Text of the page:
Once the peppers have been harvested and cleaned, they’re carefully opened on the side to shake out all the seeds.

After de-seeding them, the peppers are dried. Traditionally peppers for gochugaru are supposed to be dried in the sun, taking between 3 to 4 weeks, depending on the humidity and temperature. The sun-dried peppers are once again thoroughly cleaned after fully drying to ensure there are no dust particles in the final product. Then they’re milled to the coarseness of the maker’s desire. 

In the busy modern world, when manufacturers need to produce Korean chili flakes and Korean chili powder by the ton every single day, some of them resort to drying their gochu in the industrial dehydrators, which have them fully dry in hours (the longest a dehydrator takes is up to 12 hours).

Many Korean households, especially in the rural areas, prefer making their own gochugaru to this day. There’s a belief that gochugaru made with sun-dried peppers is more flavorful than one produced through industrial means.

Those who share this belief but live in urban areas (and have no space and time to dry their own chili and grind their own powder) usually seek out Korean chili flakes or powder labeled as taekyung or taeyangcho. This indicates that the manufacturer has sun-dried the peppers used in their gochugaru. These varieties typically cost a bit more than those made with non-sun-dried peppers, and many Chefs agree that overpaying for the good stuff is worth it.

There is, by the way, a Korean company by the name of Tae Kyung that produces both sun-dried Korean chili flakes and powder.

That said, it seems the majority of Koreans are perfectly fine with industrially produced gochugaru. Korean chili flakes (or powder) are well-known for their intense, complex, smoky flavor. You can safely use packaged gochugaru for traditional recipes without worrying about sacrificing the flavor.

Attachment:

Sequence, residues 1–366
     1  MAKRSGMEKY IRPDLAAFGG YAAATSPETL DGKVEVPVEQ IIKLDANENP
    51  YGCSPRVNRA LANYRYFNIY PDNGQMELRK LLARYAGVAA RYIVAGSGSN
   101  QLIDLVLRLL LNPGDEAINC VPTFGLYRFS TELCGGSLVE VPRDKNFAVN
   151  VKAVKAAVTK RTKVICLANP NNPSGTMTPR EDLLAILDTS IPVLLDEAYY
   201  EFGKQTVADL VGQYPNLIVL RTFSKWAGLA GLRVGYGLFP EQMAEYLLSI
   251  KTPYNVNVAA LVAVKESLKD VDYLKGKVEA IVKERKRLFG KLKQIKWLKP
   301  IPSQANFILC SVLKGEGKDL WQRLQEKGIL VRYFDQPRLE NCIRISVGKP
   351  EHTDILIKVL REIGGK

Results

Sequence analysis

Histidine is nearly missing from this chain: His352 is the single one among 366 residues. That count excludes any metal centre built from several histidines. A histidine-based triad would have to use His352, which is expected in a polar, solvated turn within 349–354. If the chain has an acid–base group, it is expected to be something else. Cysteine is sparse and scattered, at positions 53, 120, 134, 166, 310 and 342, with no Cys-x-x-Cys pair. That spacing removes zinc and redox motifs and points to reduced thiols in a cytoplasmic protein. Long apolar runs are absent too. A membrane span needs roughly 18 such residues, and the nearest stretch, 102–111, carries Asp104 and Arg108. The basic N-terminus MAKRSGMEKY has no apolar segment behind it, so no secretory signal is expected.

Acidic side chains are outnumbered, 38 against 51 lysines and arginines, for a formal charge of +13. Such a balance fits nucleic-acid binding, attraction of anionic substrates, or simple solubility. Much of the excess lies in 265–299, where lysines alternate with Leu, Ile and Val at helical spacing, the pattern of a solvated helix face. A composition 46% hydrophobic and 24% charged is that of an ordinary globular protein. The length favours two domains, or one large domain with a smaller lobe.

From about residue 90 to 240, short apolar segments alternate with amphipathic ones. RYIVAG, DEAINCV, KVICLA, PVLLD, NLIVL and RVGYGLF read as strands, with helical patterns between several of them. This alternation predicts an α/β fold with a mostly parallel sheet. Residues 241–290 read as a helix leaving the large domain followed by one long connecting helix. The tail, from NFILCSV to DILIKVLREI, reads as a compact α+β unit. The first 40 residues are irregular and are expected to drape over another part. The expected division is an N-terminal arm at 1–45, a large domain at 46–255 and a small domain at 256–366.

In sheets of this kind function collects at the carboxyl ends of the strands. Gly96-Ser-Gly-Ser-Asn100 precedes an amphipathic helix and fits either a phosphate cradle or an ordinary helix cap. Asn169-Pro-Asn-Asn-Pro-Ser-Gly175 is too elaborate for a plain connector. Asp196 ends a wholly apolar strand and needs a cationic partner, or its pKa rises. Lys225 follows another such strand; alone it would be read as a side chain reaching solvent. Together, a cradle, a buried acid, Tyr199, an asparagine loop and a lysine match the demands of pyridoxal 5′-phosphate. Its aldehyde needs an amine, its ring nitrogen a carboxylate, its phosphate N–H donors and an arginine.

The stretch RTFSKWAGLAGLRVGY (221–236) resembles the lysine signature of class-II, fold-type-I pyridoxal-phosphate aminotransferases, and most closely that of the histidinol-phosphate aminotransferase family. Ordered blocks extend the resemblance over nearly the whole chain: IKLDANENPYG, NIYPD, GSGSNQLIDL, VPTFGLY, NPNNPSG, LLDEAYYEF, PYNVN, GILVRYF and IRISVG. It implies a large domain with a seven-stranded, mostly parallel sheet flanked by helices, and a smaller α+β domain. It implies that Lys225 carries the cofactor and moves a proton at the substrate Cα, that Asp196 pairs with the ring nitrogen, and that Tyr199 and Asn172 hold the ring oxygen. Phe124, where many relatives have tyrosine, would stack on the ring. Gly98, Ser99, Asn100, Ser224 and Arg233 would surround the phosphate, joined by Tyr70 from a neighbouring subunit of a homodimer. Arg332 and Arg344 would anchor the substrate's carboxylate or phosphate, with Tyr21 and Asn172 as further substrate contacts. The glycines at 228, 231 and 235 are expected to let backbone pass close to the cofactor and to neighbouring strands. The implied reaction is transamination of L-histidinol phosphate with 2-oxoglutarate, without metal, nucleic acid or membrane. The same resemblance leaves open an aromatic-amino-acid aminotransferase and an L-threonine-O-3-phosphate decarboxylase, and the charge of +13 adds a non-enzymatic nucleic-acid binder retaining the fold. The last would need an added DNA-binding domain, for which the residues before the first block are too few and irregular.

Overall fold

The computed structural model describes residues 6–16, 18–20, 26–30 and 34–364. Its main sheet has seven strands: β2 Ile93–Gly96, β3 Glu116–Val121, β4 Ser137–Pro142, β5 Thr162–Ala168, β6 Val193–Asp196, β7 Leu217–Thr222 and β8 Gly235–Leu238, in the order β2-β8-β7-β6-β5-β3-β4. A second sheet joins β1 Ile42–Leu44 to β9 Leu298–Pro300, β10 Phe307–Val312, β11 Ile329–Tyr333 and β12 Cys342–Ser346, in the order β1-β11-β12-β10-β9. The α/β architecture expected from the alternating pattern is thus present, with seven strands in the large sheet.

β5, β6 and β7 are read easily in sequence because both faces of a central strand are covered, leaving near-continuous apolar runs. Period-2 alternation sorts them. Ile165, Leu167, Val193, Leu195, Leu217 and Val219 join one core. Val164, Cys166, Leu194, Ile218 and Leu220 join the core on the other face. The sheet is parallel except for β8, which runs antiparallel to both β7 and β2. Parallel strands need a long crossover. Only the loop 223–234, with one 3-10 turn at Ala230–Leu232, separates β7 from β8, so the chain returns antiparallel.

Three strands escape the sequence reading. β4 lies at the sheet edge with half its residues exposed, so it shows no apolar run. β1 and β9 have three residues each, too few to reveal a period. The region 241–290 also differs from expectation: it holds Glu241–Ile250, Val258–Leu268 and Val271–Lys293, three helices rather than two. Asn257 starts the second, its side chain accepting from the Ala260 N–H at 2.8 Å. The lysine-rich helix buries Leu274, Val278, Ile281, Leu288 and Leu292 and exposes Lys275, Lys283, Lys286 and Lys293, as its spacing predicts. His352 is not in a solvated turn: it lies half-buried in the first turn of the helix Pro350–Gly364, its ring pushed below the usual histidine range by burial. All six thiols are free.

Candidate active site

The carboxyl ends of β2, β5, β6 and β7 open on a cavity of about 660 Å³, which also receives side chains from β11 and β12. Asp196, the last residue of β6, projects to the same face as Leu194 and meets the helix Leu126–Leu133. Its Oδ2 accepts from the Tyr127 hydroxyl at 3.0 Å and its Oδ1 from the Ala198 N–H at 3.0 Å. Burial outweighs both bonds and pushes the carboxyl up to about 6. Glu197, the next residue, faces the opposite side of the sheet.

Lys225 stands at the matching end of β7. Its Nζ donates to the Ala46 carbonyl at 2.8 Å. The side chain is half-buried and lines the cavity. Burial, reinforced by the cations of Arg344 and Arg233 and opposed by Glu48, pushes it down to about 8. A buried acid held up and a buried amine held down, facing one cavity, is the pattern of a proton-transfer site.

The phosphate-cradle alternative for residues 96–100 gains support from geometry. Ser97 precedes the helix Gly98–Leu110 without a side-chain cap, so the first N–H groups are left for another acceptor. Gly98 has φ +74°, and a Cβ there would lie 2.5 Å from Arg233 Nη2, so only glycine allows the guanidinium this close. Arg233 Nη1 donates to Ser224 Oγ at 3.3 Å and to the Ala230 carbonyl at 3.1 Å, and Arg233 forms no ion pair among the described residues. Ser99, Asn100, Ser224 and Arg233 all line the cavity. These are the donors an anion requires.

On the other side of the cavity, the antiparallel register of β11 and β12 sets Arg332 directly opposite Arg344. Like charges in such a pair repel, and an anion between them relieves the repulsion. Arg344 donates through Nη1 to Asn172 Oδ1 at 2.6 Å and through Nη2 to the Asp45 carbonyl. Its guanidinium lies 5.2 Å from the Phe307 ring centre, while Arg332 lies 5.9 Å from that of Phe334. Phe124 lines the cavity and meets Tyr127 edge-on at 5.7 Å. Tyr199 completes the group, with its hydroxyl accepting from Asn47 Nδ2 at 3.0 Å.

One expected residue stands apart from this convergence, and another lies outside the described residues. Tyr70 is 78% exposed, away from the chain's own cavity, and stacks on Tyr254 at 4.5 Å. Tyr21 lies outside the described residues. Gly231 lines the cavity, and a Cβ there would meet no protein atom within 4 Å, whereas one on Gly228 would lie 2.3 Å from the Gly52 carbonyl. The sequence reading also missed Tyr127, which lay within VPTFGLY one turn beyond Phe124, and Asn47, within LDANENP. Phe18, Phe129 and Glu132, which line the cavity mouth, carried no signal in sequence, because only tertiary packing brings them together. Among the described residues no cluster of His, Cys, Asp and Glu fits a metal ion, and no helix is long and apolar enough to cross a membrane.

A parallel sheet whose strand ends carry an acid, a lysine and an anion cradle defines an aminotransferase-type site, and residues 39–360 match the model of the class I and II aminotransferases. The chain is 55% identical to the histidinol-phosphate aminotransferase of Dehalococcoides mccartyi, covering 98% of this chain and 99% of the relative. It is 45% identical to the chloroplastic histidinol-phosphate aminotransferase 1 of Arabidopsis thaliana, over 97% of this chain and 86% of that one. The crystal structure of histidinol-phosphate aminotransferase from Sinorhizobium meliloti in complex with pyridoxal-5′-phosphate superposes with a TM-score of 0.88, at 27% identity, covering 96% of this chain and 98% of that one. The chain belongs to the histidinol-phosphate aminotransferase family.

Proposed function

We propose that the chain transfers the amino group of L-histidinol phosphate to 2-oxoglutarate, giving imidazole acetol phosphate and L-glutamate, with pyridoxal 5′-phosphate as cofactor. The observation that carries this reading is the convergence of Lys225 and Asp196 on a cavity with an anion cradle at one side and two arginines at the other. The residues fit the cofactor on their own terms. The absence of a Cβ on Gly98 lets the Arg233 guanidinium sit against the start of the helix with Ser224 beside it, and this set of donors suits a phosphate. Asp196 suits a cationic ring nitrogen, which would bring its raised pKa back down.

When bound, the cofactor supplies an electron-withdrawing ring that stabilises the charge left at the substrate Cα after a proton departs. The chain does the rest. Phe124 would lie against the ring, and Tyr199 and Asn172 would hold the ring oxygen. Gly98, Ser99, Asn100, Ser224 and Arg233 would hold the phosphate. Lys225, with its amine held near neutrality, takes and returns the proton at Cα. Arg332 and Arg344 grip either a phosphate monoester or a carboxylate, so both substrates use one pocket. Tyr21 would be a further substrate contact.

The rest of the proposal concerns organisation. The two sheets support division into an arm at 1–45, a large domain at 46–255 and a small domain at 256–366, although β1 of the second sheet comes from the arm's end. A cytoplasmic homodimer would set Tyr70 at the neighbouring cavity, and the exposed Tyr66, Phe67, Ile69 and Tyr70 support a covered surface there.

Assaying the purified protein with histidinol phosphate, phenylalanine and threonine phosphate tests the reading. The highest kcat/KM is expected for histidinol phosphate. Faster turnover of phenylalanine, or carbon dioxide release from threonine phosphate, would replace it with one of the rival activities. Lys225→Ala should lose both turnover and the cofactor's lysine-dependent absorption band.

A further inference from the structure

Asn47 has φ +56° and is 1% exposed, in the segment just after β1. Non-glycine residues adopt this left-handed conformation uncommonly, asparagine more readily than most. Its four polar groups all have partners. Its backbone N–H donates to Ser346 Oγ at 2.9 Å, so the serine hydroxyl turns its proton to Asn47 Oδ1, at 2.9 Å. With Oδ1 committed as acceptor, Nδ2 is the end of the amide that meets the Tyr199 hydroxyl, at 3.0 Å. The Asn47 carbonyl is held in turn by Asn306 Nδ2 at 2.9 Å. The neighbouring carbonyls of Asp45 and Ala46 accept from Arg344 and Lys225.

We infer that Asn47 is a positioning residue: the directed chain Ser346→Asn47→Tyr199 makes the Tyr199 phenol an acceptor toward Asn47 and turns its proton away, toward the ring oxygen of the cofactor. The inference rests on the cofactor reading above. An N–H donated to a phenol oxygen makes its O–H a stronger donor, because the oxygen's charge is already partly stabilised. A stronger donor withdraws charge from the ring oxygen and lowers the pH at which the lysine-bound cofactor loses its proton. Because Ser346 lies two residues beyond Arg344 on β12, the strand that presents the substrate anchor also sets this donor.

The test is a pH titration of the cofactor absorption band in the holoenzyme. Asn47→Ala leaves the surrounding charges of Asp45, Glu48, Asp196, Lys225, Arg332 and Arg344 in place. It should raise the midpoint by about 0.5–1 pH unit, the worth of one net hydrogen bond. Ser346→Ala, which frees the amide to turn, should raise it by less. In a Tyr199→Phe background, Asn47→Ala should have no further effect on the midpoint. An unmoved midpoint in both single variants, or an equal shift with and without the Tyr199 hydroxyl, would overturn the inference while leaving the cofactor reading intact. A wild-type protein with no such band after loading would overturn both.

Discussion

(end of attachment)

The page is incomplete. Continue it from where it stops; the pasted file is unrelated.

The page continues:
How Many Types of Gochugaru Are There?

Depends on how you’re trying to differentiate between the types of gochugaru.

Firstly, there’s the grind. There are two major types: Korean chili flakes (coarsely ground gochugaru) and Korean chili powder (finely ground gochugaru).

Secondly, there’s the drying method. Again, there are two major types: the peppers can either be sun-dried (in which case the label will be marked either as taekyung or taeyangcho) or dried in industrial dehydrators (in which case the label likely won’t indicate the drying method at all).

And lastly, there’s the level of spiciness, which can be a bit more complicated. 

In a very rough way, gochugaru can, once again, be divided into two major groups by the spiciness level: dol maewoon indicates moderately spicy gochugaru, while maewoon is spicy gochugaru. 

In reality, it can be a bit more complicated. Gochugaru spiciness can vary from 1,500 Scoville Heat Units up to 10,000 Scoville Heat Units, depending on how mature the gochu was when harvested. This is mainly dependent on the manufacturer. Certain dol maewoon varieties can be very mild, while others can be overwhelmingly hot for those who aren’t used to spicy food. Maewoon gochugaru, on the other hand, is a touch more dependable. You can pretty much always count on it to be made from mature peppers and close to 10,000 SHU than not.

What is Gochugaru Used for?

Gochugaru is, quite possibly, the most oft-used seasoning in popular Korean food, aside from maybe salt and perhaps, soy sauce.